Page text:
Less than a year after Hurricane Ian hammered Florida’s Gulf Coast, the region is bracing for another potentially major hurricane. Hurricane Idalia (pronounced ee-DAL-ya) was off the western tip of Cuba with sustained 75 mph winds early Tuesday morning and is expected to rapidly intensify into a Category 3 storm by the time it makes landfall with life-threatening storm surge Wednesday morning. Climate change, mainly caused by the extraction and combustion of fossil fuels, increases the likelihood of a hurricane developing into major (Category 3 or higher) storm, makes storm surge more widespread dangerous due to rising sea levels and other factors, and increases the likelihood of rapid intensification as extremely warm ocean temperatures supercharge storms. Rapidly intensifying storms, no matter their strength, are especially dangerous because make preparation and evacuation less predictable, thereby increasing the danger to those unable to do so and exacerbating underlying other societal inequities.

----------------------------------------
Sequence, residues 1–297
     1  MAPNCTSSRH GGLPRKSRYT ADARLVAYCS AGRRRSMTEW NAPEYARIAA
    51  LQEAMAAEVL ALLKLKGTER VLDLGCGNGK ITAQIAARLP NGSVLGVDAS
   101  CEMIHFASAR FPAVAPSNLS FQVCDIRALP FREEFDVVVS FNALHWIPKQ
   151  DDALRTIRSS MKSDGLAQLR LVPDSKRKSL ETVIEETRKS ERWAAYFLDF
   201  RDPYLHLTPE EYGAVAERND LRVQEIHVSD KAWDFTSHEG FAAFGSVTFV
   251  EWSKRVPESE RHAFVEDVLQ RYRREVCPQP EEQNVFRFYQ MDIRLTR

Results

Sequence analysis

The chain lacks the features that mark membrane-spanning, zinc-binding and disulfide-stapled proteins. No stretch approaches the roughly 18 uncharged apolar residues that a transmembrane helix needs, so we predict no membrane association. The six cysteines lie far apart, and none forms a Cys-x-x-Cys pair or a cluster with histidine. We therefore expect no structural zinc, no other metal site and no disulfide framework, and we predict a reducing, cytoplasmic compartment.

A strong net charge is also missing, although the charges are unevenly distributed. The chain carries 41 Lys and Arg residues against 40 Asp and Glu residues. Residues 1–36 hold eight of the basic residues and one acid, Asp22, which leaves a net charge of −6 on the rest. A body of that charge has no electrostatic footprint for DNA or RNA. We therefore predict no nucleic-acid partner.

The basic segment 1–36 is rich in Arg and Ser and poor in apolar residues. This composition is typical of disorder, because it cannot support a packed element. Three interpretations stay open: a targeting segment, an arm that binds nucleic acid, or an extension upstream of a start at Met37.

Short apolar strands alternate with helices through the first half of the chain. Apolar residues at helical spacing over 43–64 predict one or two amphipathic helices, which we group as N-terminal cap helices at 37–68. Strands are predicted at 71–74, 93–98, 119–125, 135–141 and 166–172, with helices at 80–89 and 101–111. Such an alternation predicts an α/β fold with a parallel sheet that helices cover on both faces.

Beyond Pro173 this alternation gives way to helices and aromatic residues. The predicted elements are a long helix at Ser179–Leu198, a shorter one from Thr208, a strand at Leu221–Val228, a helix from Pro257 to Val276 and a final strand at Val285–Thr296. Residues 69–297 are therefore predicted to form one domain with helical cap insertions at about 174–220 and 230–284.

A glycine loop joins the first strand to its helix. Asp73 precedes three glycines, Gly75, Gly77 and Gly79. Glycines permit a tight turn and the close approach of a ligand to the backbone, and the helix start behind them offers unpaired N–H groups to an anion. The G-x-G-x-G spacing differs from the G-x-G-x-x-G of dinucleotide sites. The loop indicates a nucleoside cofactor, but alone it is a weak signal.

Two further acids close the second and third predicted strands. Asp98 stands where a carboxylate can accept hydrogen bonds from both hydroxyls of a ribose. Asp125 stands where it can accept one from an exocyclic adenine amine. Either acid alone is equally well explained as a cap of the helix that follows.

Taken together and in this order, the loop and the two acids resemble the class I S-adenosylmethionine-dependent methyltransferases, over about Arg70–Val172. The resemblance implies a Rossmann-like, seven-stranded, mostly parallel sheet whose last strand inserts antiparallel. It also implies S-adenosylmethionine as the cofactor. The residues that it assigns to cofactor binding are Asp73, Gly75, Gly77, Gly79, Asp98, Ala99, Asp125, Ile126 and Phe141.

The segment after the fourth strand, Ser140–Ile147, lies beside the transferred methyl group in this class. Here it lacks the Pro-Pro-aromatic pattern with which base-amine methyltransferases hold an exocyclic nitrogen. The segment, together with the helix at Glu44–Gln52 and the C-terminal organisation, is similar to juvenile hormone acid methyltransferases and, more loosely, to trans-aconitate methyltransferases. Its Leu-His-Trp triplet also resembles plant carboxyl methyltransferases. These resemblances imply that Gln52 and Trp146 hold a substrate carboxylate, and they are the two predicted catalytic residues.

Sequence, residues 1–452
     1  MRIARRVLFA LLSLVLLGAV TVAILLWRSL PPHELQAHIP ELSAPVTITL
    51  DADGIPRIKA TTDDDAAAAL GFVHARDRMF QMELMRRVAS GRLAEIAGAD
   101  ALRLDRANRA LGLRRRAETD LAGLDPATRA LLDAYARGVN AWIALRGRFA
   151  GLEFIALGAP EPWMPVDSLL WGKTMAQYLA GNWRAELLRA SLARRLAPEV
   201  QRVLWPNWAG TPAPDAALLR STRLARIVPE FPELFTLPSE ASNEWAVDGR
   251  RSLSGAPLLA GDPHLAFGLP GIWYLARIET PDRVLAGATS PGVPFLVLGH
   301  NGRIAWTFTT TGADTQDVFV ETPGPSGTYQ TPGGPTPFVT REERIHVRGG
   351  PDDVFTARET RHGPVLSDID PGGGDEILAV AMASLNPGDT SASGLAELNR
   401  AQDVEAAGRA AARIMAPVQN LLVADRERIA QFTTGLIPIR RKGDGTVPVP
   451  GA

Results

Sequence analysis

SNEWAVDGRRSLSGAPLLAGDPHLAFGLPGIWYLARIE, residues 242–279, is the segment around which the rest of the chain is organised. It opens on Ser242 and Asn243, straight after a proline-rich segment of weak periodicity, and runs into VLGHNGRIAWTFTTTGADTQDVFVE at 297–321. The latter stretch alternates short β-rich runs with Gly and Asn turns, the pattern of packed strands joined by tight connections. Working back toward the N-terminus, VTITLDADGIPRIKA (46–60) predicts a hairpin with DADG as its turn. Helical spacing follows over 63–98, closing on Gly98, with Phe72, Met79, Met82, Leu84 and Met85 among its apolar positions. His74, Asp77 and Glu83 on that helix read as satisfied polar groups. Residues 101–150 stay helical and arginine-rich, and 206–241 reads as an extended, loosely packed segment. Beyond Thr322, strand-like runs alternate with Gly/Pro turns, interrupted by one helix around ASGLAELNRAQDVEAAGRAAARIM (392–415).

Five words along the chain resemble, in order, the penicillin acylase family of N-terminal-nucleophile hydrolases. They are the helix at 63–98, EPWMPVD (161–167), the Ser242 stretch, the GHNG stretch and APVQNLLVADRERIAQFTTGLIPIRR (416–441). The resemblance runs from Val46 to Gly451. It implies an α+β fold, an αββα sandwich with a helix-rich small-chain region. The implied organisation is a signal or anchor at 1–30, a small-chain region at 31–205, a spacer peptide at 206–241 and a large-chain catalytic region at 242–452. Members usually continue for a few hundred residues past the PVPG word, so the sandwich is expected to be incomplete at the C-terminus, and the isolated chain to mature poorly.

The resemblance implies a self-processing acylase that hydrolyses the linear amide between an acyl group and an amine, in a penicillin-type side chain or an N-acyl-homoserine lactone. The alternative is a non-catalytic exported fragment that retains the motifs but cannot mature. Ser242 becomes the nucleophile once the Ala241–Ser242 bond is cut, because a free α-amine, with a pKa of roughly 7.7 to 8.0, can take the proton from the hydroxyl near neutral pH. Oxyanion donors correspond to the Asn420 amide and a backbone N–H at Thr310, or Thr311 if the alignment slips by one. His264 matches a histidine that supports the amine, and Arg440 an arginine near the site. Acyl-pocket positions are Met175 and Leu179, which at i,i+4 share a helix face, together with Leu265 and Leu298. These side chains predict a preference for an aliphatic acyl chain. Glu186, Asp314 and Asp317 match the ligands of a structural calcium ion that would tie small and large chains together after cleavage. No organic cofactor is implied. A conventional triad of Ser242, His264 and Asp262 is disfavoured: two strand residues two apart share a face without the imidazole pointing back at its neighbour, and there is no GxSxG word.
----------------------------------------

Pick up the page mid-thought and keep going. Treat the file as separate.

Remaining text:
Spiking gasoline demand for evacuations and generators is also hitting constrained supply as fuel-carrying barges are being stopped ahead of the storm and — completely separate from the storm — a “human error” caused gasoline at some Citgo-supplied gas stations in Idalia’s path to be contaminated with diesel fuel. (New York Times $, Yale Climate Connections, Tampa Bay Times, Axios, AP, AP, CNN, Reuters, Axios, Tampa Bay Times, CNN, NBC, NPR, Weather Channel, Heatmap $, Gizmodo, Axios, Bloomberg $, AP; Gulf Coast water temps: Washington Post $, New York Times $; Fuel barges: Bloomberg $; Fuel contamination: AP, The Hill; Biden-DeSantis: Bloomberg $, Axios; Climate Signals background: Hurricanes)